Author: Tanya Sweeney. Source: The Irish Times

David Irish Times Log Cabin

*Welcome to the office: David Rochford outside the log cabin he uses as home office in his garden in Ongar, Dublin 15. Photograph: Nick Bradshaw*

The traditional Irish office isn’t without its merits: there’s always water-cooler chat, cupcakes on someone’s birthday, and the joy of switching off the computer at day’s end. Yet with the economic landscape shifting beneath our feet, the Irish workplace has moved beyond the office. The sittingroom, attic, garden shed . . . these are the places where people are now spending their working days.

A 2014 survey, carried out on behalf of O2 Ireland, found that about 44 per cent of employees work from home at least one day a month; a third of respondents had set up a dedicated workspace at home; and a third of those who already enjoy flexible working arrangements said they expected the trend to gather pace in the future.

The benefits of working remotely are bountiful: a better work-life balance, increased flexibility, and the opportunity to kick the dreaded commute into touch.

And, as Booterstown-based voiceover artist/radio presenter Mark Manning notes: “You can feasibly sit in your underpants, reading books for audible.com and few are any the wiser.”

Formerly a corporate salesman, Manning now uses his attic as a recording studio for his voiceover work, which runs the gamut from apps and novels to corporate literature and cartoons. The office set-up is simple: a €2,500 Neumann U87 microphone, desk and laptop.

“In this job, because of the acoustics, it’s a case of the less space, the better,” he explains. “I know voiceover artists who have a set-up under the stairs. Years ago, voiceover artists would have to travel to studios in big cities like London to record. Now clients email me a script, and I email them back a file.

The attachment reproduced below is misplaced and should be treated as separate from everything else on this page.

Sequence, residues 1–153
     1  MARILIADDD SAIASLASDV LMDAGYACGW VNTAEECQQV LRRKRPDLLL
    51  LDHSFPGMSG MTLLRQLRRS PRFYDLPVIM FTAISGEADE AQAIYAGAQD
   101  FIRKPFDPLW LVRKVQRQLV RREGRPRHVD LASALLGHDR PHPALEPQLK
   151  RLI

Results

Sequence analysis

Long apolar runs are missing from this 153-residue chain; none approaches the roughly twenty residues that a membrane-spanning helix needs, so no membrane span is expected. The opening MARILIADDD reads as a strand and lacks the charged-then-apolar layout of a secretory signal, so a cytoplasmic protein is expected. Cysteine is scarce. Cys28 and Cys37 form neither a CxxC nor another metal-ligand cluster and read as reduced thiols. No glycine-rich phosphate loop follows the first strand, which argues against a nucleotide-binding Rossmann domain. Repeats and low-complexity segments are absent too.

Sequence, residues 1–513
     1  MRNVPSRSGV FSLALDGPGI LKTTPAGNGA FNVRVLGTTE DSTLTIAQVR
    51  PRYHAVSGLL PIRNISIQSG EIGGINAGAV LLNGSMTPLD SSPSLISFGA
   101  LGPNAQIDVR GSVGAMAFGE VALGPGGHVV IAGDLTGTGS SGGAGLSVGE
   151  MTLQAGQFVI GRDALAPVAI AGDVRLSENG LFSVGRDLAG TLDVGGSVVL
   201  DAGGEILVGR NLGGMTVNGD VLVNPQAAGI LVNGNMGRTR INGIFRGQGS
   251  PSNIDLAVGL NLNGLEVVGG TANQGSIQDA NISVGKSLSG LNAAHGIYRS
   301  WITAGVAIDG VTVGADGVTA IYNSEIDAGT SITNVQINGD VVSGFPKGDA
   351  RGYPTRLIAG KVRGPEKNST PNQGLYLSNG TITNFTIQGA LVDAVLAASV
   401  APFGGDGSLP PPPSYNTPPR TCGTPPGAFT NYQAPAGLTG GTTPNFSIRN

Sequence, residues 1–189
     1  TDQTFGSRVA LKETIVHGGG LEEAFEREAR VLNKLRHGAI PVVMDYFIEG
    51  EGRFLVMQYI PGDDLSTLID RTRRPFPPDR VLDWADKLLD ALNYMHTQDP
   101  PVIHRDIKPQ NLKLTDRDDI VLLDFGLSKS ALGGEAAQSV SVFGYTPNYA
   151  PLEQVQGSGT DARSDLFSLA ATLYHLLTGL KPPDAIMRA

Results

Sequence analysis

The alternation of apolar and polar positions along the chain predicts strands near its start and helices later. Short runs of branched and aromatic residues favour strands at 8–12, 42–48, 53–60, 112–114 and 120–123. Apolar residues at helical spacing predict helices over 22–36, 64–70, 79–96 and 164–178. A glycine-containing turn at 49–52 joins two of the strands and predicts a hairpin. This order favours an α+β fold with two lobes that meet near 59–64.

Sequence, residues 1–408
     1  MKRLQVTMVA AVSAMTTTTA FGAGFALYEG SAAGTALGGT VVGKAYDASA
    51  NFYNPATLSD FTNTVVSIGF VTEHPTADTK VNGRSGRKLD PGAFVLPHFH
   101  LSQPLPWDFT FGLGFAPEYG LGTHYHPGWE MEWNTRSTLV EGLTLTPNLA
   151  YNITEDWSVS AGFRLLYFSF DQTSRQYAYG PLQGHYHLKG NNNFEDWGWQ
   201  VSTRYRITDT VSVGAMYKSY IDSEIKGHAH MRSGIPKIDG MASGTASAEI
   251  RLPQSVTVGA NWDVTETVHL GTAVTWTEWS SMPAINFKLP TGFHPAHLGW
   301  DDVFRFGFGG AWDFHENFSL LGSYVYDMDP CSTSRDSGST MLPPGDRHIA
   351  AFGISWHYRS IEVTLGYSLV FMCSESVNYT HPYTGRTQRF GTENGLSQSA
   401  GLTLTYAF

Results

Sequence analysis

“I’m a bit of a (night) owl, and because many of my clients are international, I’m on call 24/7,” he adds. “But the beauty is that you set your own hours.”

Save for the occasional Skype call to a client or author, working solo in the attic is a lonely enough outpost, says Manning. Still, regular radio shows on Christmas FM and Spirit FM have become something of a social outlet.

“I do miss people, but in my estimation you get more done working from home,” he surmises. “There’s more distraction in a workplace, between politics and emotions. Here, it’s a more pure relationship between you and the client. I’ve done the five-star hotels and the Mercedes, and now I’m very much my own motor.”

Digital nomads

The home office is not the just the preserve of the artisanal entrepreneur. A growing number of international companies have warmed to the idea of employing digital nomads and telecommuters. Among them is David Rochford, who previously worked as a project manager for Twitter from his home in Ongar, Dublin. Now working for Microsoft, Rochford purchased a cabin from LogHouse.ie, installed it at the end of his garden, and built the wood furniture and panelling himself. The overall effect is clean, woody and minimalist.

“It’s snug as a bug,” he enthuses. “It’s insulated, has Dyson heaters, a desk that holds big monitors and a big-screen TV for conference calls.”

Also in the room are guitars, amps and a cosy couch. “Oh, it’s an out-and-out man-cave,” he laughs. “But from Monday to Friday, it’s very much a workspace.

“The whole reason I went with a home office as opposed to just working at the kitchen table is that I can switch properly into work mode,” he adds. “I could never sit in the livingroom, because inevitably you’ll put on the TV.”

Still, working for US companies can often mean that the hours are longer than a typical 9 to 5 setup: “I’ve only ever worked for West Coast companies, and by the time they’re in work, it’s 5pm your time. I get to take a break in the afternoon to go for a swim or walk the dog, then get revved up again to do a solid four hours.”

Given the gossamer-fine line between work and home, it’s often not unusual for family or friends to visit Rochford at home in ways they might not in a typical workplace scenario, yet he has a canny solution for even that.

“I have CCTV installed, and if people call to the house I just don’t answer the door,” he smiles. “It’s a work day, sorry. That’s how I operate and fortunately, most of my friends know that.”